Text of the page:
The United States House of Representatives on March 28 passed a bill to build statues of former Supreme Court Justices Sandra Day O’Connor and the late Ruth Bader Ginsburg on Capitol grounds.
The House approved the bill in a 349 to 63 vote after the Senate passed it by unanimous consent last December.
“Justices Ruth Bader Ginsburg and Sandra Day O’Connor opened doors for women at a time when too many insisted on keeping them shut. The House just passed our bill to honor that legacy by placing their statues in the Capitol,” Senator Amy Klobuchar, one of the Congressional Democrats who proposed the bill, said on Twitter.
The bill now heads to President Joe Biden for his signature.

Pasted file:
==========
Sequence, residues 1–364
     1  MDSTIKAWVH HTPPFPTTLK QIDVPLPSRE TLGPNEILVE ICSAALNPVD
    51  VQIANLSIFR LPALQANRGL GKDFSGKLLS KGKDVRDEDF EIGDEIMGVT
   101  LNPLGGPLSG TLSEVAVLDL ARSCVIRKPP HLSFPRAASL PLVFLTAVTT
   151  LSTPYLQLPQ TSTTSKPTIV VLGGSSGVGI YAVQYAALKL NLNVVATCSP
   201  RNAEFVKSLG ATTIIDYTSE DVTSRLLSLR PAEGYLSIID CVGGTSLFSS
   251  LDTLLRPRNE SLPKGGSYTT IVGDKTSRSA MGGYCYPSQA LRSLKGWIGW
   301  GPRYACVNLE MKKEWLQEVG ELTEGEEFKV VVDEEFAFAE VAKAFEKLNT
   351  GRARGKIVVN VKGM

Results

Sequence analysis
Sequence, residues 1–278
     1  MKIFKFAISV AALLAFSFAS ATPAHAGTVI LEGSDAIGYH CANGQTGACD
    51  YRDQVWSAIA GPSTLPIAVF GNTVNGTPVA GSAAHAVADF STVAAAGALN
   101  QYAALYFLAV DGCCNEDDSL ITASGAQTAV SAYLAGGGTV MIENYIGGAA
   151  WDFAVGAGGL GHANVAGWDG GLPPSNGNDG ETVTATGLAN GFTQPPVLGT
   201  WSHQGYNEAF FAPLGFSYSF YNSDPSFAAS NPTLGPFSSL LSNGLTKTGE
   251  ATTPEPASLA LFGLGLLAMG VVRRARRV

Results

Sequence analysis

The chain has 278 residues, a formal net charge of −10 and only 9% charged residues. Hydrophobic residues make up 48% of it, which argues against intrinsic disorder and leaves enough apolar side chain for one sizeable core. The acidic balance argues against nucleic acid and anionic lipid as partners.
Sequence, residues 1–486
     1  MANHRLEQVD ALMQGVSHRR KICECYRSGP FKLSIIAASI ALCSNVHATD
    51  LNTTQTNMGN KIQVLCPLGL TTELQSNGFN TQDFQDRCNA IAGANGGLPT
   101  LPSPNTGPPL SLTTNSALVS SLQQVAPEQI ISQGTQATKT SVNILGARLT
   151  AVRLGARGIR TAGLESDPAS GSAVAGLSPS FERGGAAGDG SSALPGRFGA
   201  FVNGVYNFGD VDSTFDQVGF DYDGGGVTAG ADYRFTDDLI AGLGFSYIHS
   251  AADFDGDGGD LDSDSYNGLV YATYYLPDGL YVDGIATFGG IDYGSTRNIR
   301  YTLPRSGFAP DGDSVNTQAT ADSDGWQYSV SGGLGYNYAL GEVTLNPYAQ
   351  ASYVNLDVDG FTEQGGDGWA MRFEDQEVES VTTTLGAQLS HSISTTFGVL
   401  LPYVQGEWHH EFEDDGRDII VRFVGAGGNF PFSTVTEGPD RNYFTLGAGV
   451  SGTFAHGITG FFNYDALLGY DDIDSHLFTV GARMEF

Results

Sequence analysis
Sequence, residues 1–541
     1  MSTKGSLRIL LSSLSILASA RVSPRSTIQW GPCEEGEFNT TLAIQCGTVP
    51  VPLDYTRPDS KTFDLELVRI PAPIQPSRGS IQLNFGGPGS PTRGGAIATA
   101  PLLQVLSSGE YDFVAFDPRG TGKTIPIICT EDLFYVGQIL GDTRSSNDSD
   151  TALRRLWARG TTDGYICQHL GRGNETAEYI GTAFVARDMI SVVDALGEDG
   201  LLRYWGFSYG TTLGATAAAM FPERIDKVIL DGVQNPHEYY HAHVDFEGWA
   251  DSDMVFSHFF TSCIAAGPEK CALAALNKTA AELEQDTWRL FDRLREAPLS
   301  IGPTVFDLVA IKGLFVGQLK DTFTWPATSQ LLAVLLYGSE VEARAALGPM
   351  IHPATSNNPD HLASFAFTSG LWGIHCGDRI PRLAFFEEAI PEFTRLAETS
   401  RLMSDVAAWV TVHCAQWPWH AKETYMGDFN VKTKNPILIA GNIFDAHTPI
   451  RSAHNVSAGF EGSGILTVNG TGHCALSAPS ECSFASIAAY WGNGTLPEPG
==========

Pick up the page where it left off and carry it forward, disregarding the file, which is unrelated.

The bill requires the statues to be erected within two years of approval and to be placed in a “prominent location” on Capitol grounds.
The statues are expected to be built near the Old Supreme Court Chamber.
The bill also encourages the selection of underrepresented artists to create the statues.
O’Connor and Ginsburg were the first two women to serve on the U.S. Supreme Court.
Former President Ronald Reagan nominated O’Connor in 1981 and she received a 99 to 0 vote for confirmation in the Senate.
O’Connor retired in 2006 due to her husband’s worsening health.
In 1993, former President Bill Clinton nominated Ginsburg, who received a 96 to 3 vote for confirmation in the Senate.
Ginsburg died in September 2020.
According to the Architect of the Capitol website, the statues for O’Connor and Ginsburg will join a few others that depict female pioneers on the Capitol.
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